Today we're joining the STEM Friday roundup.   On any other Friday we'd be joining others over at Perfect Picture Book Friday, but it's summer vacation. PPBF will resume in September, but you can always head over to Susanna Hill's ever-growing list of Perfect Picture Books. Review copies from publishers.

Wednesday, August 15, 2018

Wednesday Explorers Club ~ petals and prickles

Roses have thorns, and nettles have stinging hairs. Thistles use prickles along their leaves to keep hungry herbivores from snacking on them.

How do plants around your neighborhood defend themselves?

Friday, August 10, 2018

Itches and Boats ~ more summer books

Nothing says summer like mosquito bites or sailing a boat on a lake...

 Itch! Everything you didn't want to know about what makes you scratch
by Anita Sanchez; illus. by Gilbert Ford
80 pages; ages 7-10
HMH books for Young Reader, 2018

"You probably never give skin a thought," writes Anita Sanchez, "until it gets itchy." And then you can't stop scratching. But to understand why things itch, we need to understand how skin works and how our body reacts to stings and bites.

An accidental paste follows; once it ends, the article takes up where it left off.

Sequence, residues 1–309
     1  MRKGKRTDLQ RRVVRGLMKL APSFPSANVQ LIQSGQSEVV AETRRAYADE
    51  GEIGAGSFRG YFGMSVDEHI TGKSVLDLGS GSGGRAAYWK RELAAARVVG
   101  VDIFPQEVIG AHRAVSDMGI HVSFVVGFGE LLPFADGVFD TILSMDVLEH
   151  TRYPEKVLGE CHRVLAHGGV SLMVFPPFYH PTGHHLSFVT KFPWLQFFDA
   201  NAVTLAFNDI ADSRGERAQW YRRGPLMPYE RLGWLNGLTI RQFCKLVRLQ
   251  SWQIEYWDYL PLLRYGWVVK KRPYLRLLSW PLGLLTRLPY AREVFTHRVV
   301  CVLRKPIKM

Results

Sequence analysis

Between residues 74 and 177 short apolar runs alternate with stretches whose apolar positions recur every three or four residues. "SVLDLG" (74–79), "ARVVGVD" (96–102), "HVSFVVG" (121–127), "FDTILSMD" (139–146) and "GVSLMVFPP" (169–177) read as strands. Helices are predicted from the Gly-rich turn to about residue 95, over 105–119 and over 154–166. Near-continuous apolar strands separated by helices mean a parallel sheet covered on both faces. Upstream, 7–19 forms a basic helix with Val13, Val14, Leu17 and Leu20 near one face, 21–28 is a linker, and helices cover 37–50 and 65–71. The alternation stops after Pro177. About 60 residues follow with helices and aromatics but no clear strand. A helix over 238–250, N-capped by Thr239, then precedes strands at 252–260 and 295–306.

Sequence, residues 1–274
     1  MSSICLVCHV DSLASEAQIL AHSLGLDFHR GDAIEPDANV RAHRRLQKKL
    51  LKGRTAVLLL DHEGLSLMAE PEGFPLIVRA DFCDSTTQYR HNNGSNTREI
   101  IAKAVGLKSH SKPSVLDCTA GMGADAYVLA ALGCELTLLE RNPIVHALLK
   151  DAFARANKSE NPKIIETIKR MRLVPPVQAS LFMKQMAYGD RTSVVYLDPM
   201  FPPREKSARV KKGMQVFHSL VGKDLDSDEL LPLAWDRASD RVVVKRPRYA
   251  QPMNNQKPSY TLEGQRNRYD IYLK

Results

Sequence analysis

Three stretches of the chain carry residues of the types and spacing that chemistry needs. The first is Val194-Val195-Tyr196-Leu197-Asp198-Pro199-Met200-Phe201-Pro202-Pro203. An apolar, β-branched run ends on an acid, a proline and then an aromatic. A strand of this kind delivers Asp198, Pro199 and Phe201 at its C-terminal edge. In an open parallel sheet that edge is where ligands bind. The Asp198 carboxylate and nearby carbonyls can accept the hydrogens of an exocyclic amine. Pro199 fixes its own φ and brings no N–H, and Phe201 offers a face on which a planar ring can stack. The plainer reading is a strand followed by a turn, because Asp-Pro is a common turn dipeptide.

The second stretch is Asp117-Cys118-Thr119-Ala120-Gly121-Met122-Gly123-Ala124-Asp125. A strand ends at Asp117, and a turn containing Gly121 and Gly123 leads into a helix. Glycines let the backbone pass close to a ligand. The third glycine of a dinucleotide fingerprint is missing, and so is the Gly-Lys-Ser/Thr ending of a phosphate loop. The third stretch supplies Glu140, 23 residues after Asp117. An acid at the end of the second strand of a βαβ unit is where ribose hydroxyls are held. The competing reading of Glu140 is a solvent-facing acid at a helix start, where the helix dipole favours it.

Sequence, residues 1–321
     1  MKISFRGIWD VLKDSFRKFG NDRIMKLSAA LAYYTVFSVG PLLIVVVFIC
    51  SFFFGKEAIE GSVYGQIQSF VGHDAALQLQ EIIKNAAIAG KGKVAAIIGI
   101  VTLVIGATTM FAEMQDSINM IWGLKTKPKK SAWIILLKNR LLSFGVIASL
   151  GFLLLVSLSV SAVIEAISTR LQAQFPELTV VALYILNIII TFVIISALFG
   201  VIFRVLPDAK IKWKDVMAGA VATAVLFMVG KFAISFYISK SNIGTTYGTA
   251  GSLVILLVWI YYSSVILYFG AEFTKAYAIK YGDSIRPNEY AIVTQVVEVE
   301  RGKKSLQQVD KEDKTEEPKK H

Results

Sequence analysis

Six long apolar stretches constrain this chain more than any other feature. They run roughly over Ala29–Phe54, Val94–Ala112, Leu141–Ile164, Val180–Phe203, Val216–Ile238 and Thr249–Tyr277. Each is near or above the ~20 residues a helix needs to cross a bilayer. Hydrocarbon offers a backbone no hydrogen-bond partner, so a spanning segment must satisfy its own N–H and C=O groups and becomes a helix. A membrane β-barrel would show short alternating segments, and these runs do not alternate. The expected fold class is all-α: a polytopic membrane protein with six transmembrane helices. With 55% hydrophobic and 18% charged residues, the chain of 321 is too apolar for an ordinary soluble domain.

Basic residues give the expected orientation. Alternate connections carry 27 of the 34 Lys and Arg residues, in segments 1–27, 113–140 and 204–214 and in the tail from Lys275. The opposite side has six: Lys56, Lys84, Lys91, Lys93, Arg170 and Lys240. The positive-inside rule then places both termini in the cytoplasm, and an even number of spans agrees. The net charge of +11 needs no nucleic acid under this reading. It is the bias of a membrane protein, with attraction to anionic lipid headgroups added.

In the following chapters, we are introduced to things that make us itch: lice! fleas! mosquitoes! bedbugs! fungi! and plants with spines, needles, and poisons. Yes - there are things lurking and growing in our backyards that will make us itch. 

What I like about this book: it's fun to read and full of unexpected (and cool) facts.  Even as she describes the pesky plants and bugs that bother us, Anita offers cool insights into their lives. We learn how fleas leap, how burrs inspired velcro, and how bedbugs talk to each other. Even better, she provides plenty  non-toxic alternatives for treatment. Did you know that a dab of minty toothpaste can soothe an itchy bug bite? She's even got a recipe for de-skunking! 

The writing is clear,and the illustrations engaging and sometimes humorous. I like the back matter, too: an author's note about the inspiration for this book plus the usual glossary, bibliography, and an index that's like having a quick-link to info.

Whose Boat? (board book)
by Tony Buzzeo; illustrated by Tom Froese
16 pages; ages 2-4
Abrams Appleseed, 2018

Using rhyme and labeled illustrations, this book introduces children to six different kinds of boats. There's a tugboat, a ferry, a fireboat, a Coast Guard boat, a lobster boat and, of course, the harbor master's patrol boat.